This article first appeared at in 2009. Editor’s update: Piracy is the name of a specific crime under customary international law as well as a number of crimes under municipal or state law. Privateering was commerce raiding and outlawed by the Peace of Westphalia in 1648 by the signatories of those documents. There is no beginning date for this crime, but it is assumed that piracy developed at the same time as seafaring commerce. The first recording about piracy comes from the Sea Peoples threating the Aegean and Mediterranean in the 14th century BC. In classic antiquity both the Illyrians and Tyrrhenians were considered pirates but so were the Greeks and Romans. The Phoenicians also used piracy to obtain boys and girls sold into slavery.

Also on this day Patience and Fortitude – In 1911 the main Research Library of the New York Public Library is dedicated.
Two for the Price of One – In 1785, Ben Franklin claimed to have invented bifocals.
Squeezebox – In 1829, a patent for an accordion was granted to Cyrill Demian.


Posted in History by patriciahysell on May 23, 2012

The accordion.

May 23, 1829: Cyrill Demian receives a patent for a new musical instrument. Cyrill was a maker of pianos and organs. He and his two sons, Karl and Guido, were living in Vienna, Austria when they submitted their patent. Consign: No. 1433 listed a new type of instrument consisting of a small box with “feathers of metal plates and bellows fixed to it” making it easy to carry and play. The new music maker was seven to nine inches long, three-and-a-half wide, and two inches high. The bellows were fixed above the box with five claves fixed below. The makers claimed, “Even an amateur of music can play the loveliest and most moving chords of three, four, and five voices with very little practice.” What instrument? The accordion.

The accordion is part of the free-reed aerophone family and is sometimes called a squeezebox because of the way the notes are created. The bellows are compressed while pressing on keys or buttons. This causes valves or pallets to open and the air rushes across strips of metal, called reeds. These brass or steel strips vibrate, creating the tones. The melody is played using buttons or keys on the right while accompaniment is played on the left using bass and pre-set chord buttons. The instrument can be considered to be a one-man band since it needs no other backup music.

Music has been with humans since the dawn of time. Chinese history traces music back to the court of the “Yellow Emperor,” Huang Ti or around the year 3000 BC. The ruler wanted music resembling the song of the phoenix bird and Ling Lun was said to have created the cheng, the fist known instrument to use a vibrating reed to produce musical tones. This instrument was shaped like a phoenix and used thirteen to 24 bamboo pipes, a small gourd was the resonator box and wind chamber, and a mouthpiece was attached. This was the first step towards the creation of the accordion.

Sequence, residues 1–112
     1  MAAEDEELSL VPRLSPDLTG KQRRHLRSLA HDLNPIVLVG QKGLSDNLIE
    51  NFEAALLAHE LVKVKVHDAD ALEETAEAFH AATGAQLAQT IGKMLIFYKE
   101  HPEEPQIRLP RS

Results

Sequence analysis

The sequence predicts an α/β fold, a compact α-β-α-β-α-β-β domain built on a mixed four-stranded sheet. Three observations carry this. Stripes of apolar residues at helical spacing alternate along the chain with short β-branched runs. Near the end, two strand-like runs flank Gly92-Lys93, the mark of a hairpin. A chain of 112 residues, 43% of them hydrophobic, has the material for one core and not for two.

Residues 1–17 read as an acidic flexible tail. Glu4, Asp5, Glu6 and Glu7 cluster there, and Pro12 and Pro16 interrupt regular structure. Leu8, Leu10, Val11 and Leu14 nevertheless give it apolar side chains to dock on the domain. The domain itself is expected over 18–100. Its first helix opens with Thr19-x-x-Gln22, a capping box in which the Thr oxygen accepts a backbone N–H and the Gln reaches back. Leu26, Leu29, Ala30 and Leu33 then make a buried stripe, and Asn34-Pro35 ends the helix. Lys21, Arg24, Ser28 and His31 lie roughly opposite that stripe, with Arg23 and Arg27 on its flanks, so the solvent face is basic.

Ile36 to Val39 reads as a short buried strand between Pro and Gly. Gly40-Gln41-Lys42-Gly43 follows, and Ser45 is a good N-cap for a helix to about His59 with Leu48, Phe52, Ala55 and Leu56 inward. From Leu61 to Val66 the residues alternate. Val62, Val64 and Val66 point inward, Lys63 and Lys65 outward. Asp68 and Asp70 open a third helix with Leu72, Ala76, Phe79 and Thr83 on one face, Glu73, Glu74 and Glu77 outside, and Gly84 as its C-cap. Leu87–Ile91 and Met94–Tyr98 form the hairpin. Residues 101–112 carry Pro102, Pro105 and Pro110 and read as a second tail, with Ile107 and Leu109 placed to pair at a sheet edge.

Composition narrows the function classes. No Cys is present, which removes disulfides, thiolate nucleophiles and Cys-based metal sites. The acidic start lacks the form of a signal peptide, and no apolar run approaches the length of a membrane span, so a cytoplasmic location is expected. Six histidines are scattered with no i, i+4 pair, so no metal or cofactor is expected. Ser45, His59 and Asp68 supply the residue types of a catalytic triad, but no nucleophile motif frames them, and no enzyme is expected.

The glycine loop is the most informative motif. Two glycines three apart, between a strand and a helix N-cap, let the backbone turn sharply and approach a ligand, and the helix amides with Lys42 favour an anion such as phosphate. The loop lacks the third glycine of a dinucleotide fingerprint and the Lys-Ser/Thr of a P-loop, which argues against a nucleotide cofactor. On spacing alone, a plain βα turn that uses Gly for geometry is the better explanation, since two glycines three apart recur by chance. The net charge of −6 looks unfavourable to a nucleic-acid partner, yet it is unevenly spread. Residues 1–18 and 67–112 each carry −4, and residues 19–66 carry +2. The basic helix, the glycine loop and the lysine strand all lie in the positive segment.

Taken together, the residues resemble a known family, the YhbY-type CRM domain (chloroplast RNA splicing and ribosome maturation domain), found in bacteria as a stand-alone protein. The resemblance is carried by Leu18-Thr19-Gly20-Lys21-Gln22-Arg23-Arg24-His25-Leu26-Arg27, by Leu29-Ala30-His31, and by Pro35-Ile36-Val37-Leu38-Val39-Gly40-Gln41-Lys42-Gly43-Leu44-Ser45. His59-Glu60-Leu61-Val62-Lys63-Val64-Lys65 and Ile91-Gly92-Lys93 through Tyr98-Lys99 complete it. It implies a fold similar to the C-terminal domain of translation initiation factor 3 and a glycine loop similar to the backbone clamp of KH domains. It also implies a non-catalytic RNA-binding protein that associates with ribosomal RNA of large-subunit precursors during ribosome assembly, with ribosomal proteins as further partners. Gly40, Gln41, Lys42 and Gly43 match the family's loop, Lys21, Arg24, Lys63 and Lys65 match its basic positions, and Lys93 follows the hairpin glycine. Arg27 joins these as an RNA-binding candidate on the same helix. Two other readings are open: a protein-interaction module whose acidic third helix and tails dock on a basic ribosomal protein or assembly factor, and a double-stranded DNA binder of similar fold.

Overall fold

Somewhere around 1770, the cheng became known in Europe. Some say this was the introduction of the free-vibrating reed principle in Europe while others point to earlier instruments using a similar technique in 12th and 13th century England. Small portable keyboards using bellows and reeds were used to accompany madrigal singers but went out of popularity because they frequently went out of tune. Demian’s patent is considered to be the first for a true accordion and the first to use the name for the instrument. Although there were many similar musical devices around in the 19th century, Demian’s instrument was the one that garnered the most attention and spread the popularity of the instrument.

Conversation didn’t seem necessary when I put the accordion down and swung some young lady around the floor. – Lawrence Welk

Do you know that my very first experience as a composer was a ‘Concerto for Accordion?’ – Alfred Schnittke

I am not a demon. I am a lizard, a shark, a heat-seeking panther. I want to be Bob Denver on acid playing the accordion. – Nicolas Cage

Ford used to come to work in a big car with two Admiral’s flags, on each side of the car. His assistant would be there with his accordion, playing, Hail to the Chief. – Richard Widmark

Also on this day:

Patience and Fortitude – In 1911 the main Research Library of the New York Public Library is dedicated.
Aaagh, Pirates – In 1701, Captain Kidd was hanged for piracy.
Two for the Price of One – In 1785, Ben Franklin claimed to have invented bifocals.

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Two for the Price of One

Posted in History by patriciahysell on May 23, 2011

Bifocals described

May 23, 1785: Benjamin Franklin writes a letter claiming he invented double lenses spectacles. Our ancient ancestors had to cope with poor of failing eyesight as there were no corrective measures available to them. Seneca, born around 4 BC, read while looking through a globe of water to achieve some means of magnification. Nero watched gladiators while gazing through an emerald, not as magnifying lens, but as sunglasses.